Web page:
Women and minority business owners also suffered the effects of Proposition 209. Before the measure passed, the state awarded nearly a quarter of its public contracts under its program for “minority- and women-owned business enterprises.” That program has since been disbanded, costing those businesses some $825 million a year, according to a study from the Equal Justice Society, an Oakland-based nonprofit.
Before Proposition 209, the University of California system put 10 percent of its spending toward Black, Latino and Asian-owned companies. As of 2019, that number had fallen below 3 percent. The university system’s report on Proposition 209 concluded that “the implications for U.C.’s diverse suppliers were acute.” San Francisco and San Jose have also disbanded affirmative action programs for minority- and women-owned businesses.
California is the world’s fifth-largest economy, and the question of which business owners get access to the state government’s more than 600,000 yearly private contracts is no small matter. With Black and Latino communities hurting financially, and women dropping out of the work force at record rates, it’s a particularly urgent moment to consider racial and gender disparities in business opportunities.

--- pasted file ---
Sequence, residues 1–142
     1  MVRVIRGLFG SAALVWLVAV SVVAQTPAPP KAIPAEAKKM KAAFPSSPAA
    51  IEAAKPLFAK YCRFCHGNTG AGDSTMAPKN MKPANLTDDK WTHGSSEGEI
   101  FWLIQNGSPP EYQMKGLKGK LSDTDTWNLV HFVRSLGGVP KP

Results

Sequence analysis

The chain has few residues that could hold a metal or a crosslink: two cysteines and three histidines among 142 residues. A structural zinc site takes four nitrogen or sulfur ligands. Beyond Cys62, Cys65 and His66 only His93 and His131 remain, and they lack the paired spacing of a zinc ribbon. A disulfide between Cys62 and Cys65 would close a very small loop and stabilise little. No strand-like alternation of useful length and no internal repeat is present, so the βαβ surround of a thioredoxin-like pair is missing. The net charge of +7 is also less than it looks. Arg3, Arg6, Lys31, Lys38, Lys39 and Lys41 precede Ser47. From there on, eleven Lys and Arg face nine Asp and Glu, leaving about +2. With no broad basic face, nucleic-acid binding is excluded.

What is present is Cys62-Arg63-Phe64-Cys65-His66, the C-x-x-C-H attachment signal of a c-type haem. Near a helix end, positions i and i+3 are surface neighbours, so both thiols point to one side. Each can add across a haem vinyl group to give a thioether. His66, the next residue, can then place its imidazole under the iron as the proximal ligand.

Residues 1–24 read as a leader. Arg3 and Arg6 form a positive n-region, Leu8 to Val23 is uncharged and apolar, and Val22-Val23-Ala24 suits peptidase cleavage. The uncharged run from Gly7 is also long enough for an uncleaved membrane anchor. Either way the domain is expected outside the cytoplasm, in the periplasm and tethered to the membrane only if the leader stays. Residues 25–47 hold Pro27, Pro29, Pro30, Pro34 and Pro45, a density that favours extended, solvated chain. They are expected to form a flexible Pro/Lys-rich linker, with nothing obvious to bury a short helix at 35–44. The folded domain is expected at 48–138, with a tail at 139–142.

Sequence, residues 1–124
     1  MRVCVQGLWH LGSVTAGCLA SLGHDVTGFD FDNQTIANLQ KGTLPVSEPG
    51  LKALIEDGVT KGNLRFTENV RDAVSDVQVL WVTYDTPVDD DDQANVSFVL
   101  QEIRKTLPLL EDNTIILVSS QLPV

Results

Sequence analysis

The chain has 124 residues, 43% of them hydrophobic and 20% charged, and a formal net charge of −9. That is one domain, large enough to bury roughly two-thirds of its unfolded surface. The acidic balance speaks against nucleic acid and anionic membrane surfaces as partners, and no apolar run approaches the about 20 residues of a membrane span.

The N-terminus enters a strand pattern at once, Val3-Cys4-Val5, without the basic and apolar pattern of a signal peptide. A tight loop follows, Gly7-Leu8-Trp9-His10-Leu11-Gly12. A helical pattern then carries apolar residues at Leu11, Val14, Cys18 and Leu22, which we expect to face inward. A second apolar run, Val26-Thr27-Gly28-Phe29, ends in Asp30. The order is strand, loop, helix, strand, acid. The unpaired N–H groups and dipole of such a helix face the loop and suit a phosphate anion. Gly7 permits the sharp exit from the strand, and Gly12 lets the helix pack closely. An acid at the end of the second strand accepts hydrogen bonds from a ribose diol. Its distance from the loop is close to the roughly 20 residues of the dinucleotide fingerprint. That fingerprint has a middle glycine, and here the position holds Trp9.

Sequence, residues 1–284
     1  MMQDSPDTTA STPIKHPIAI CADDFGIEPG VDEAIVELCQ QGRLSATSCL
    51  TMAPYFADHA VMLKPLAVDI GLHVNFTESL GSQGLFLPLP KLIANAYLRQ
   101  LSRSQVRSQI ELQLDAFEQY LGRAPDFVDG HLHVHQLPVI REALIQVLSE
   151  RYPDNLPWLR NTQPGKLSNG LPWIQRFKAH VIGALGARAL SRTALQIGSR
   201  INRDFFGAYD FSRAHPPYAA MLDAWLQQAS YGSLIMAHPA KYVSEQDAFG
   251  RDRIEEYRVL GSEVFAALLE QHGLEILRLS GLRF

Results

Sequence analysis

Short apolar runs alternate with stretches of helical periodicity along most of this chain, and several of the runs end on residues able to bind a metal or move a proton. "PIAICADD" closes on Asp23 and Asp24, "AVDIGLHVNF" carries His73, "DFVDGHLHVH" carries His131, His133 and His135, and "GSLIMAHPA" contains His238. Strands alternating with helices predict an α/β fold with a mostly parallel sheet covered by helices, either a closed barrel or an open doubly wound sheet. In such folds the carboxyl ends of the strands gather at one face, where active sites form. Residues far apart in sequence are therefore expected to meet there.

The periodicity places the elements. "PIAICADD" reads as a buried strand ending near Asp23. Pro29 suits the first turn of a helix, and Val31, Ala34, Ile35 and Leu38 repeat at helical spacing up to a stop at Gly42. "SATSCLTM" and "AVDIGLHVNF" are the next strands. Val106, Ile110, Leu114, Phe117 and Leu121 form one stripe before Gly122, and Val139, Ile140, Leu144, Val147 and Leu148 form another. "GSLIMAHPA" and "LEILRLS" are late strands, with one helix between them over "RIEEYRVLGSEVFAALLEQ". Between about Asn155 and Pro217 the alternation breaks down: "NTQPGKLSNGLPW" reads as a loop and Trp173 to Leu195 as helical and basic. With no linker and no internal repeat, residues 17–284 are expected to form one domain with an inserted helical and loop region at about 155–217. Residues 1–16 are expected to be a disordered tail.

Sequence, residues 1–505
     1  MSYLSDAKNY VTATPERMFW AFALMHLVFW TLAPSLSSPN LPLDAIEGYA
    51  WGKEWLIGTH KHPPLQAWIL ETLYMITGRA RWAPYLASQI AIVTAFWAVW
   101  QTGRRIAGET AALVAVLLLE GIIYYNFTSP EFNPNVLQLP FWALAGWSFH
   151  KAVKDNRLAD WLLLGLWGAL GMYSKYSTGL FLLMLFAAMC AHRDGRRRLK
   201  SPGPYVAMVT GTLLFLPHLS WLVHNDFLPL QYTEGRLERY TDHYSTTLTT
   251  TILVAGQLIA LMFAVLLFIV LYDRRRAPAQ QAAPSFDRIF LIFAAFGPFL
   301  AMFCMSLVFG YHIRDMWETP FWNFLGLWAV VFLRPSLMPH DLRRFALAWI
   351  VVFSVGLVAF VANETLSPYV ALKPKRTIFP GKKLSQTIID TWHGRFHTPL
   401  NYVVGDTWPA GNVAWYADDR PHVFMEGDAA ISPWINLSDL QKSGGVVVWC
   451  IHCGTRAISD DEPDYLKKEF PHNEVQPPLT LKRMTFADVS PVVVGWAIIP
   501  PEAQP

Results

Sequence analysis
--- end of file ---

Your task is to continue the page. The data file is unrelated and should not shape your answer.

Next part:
Proposition 16 has its supporters: the governor, Senator Kamala Harris, top public university officials. It has raised more than $16 million, compared with $1 million countering the measure. Yet it continues to lag in the polls, with just 31 percent of California voters saying they support the measure and 22 percent undecided.
Despite what some opponents of the measure say, the facts are clear: Prop 16’s passage would not instate racial or gender quotas, which have been illegal since 1978. It also would not add new language to the state’s legal code. Instead, it would erase the language added 24 years ago: “The state shall not discriminate against, or grant preferential treatment to, any individual or group on the basis of race, sex, color, ethnicity, or national origin in the operation of public employment, public education, or public contracting.”